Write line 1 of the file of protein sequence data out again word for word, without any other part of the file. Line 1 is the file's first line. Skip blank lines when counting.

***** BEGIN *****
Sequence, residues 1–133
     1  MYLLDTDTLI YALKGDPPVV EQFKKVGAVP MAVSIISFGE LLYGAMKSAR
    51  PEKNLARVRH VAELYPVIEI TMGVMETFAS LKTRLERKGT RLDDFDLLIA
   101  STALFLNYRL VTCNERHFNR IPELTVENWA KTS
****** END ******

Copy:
Sequence, residues 1–133